Universities and Science Minister Jo Johnson has outlined his vision to secure the UK’s status as a “pioneering nation” and called for universities to secure more return from the research conducted by institutions across the United Kingdom.
He also announced plans to benchmark the performance from university-business collaboration and knowledge exchange.
Speaking at the Higher Education Funding Council for England or HEFCE’s annual conference last week, Johnson reinforced the importance of science and innovation in the UK’s Industrial Strategy and urged universities to deepen collaborative relationships with businesses to ensure that the country’s innovative strength has “real-world and economic impact”.
New analysis published by HEFCE of the Higher Education-Business and Community Interaction Survey shows the progress being made in improving knowledge sharing between UK universities and the commercial sector, which has continued to grow in 2015-16, with income reaching a record £4.2 billion (US$5.5 billion).
But the UK still lags behind comparable countries like the United States in terms of intellectual property income per research resource and the number of successful spin-off companies, according to a government statement.
Johnson said: “Universities have a vital role to play in their local communities and in the national economy. Given the record levels of public investment in R&D, it is essential that universities engage with businesses and communities to make the most of their knowledge and research.”
He said there are great examples of this across the country but the system needs to “find a new gear”.
University income from business engagement is growing more slowly than the economy as a whole, with British universities producing fewer spin-outs and less licensing income per pound of research resource than their US counterparts, he said.
“As a greater proportion of R&D takes place in universities in the UK than in other countries, it’s especially important that we get this right.”
To help close this gap, the minister announced plans to ask Research England within the new UK Research and Innovation body to consult the sector on the development of a new, public ‘Knowledge Exchange Framework’ or KEF to benchmark the performance from university-business collaboration and knowledge exchange.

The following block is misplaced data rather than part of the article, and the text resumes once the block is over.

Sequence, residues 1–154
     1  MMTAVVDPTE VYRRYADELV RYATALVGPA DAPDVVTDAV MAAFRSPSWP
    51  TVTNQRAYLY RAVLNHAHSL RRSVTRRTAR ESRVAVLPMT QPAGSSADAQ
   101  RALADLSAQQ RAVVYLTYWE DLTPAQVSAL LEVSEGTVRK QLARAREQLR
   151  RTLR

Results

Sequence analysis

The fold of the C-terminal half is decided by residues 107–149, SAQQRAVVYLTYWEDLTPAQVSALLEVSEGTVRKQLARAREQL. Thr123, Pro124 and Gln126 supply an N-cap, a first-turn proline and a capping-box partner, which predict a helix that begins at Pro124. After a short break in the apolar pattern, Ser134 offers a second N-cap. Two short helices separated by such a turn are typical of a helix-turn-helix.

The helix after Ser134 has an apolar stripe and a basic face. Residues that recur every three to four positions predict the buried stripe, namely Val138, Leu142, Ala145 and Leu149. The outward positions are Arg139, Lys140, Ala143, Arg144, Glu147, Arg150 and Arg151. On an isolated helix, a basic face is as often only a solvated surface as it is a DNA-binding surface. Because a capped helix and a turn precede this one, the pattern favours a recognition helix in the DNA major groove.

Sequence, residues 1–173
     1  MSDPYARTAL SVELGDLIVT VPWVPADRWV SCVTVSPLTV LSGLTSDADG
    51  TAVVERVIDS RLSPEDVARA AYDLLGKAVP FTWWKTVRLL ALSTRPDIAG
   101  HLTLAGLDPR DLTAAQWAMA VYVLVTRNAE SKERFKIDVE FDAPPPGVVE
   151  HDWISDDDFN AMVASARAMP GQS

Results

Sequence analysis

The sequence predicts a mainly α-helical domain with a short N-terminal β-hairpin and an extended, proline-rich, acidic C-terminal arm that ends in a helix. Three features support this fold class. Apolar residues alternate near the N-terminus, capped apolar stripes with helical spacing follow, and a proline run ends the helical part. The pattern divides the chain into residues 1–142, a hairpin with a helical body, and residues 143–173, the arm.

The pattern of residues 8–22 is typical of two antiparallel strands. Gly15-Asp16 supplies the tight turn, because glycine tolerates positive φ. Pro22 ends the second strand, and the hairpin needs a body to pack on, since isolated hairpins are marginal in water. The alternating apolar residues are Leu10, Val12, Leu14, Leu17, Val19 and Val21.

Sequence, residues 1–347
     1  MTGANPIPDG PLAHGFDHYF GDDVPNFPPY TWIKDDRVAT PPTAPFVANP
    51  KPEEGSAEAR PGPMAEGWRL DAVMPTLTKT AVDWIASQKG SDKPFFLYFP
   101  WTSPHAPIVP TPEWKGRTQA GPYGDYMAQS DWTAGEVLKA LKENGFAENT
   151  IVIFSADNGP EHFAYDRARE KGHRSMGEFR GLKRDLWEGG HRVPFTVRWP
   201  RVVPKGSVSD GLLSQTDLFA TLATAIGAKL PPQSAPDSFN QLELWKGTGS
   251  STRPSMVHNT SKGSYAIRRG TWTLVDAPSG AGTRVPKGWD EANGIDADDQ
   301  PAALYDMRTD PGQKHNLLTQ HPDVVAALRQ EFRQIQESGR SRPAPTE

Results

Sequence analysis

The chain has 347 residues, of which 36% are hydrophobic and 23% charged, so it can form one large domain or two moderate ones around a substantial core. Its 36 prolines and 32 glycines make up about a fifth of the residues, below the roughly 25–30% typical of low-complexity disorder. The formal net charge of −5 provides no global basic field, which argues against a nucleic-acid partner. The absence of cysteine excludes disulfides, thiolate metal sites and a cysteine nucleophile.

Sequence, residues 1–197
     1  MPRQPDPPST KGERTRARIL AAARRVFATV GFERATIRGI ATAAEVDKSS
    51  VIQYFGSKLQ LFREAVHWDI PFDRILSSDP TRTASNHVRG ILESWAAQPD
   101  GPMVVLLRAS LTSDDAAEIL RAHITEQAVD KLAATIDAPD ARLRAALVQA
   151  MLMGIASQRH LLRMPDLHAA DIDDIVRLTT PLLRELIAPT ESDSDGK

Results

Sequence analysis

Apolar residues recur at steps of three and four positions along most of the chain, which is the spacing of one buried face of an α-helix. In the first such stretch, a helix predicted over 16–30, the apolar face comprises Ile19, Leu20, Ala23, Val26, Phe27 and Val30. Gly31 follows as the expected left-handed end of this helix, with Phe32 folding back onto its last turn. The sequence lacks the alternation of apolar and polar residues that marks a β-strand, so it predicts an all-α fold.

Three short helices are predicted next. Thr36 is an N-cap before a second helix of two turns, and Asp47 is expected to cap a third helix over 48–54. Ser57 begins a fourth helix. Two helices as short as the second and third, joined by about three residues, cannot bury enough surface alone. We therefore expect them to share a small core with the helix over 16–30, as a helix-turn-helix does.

This builds upon the work undertaken by the knowledge exchange steering group, led by Professor Trevor McMillan, vice-chancellor of Keele University, and complements his proposal that the sector should develop clear statements of purpose in order to increase the effectiveness of engagement with business and the wider community, the government said.
Alongside the Research Excellence Framework and the Teaching Excellence Framework, which assess respectively the quality of research, and teaching and learning performance, the KEF will act as a benchmark for universities to help improve practice in knowledge exchange, helping ensure that the UK benefits from the research, skills and knowledge in the higher education sector.
Responding to Johnson’s announcement, Maddalaine Ansell, University Alliance chief executive, said: “The KEF must look beyond simply the commercialisation of research, patents and intellectual property, which are only one aspect of a much wider range of interactions between universities, businesses and communities, alongside entrepreneurial activity.
“To work effectively it needs to reward and incentivise a full range of transformative collaborations, not just a narrow slice of existing activity. There are many paths to impact.”
She said the University Alliance universities work with 16,000 businesses, including 11,000 small and medium-sized enterprises, and more than two fifths of successful graduate start-ups come from its members. “So we’d support any move to give this aspect of universities’ mission greater recognition and support.”
Following the Science and Innovation Strategy 2014, HEFCE sought to increase the effectiveness of university knowledge exchange by establishing a knowledge exchange framework and steering group, led by McMillan.
A number of tools and good practice guides for knowledge exchange (such as “Good Practice in Technology Transfer”) have already been developed and have been used by universities when developing their knowledge exchange strategies.
Extensive data is already collected about universities’ knowledge exchange performance via the Higher Education Statistics Agency’s annual Higher Education-Business and Community Interaction Survey, and Research England will consult the sector as to how this data can be used to develop a balanced scorecard.
Other recommendations from the McMillan group are being taken forward, including the sector developing a set of common principles for effective knowledge exchange, and university leaders committing to adopting these principles.
In a press statement, the government said it has been clear on its ambition to foster greater international collaboration in science and innovation, recently signing a Science and Technology Agreement with the United States and outlining plans to seek an ambitious science and innovation agreement with the European Union.
The universities and science minister pledged an additional £18 million for the Rutherford Fund budget to attract the brightest minds to the UK. The funding is on top of the £100 million the government has already invested and will enable an additional 200 fellowships to start this year.
Johnson also announced the first four projects to receive funding from the £100 million Connecting Capability Fund.
Focused on university collaborations to boost the commercialisation of research, the first round will see groups of universities from England share £20 million to address areas such as age-related diseases, access to finance for spin-outs, and support for small and medium-sized enterprises as they scale up.
Receive UWN's free weekly e-newsletters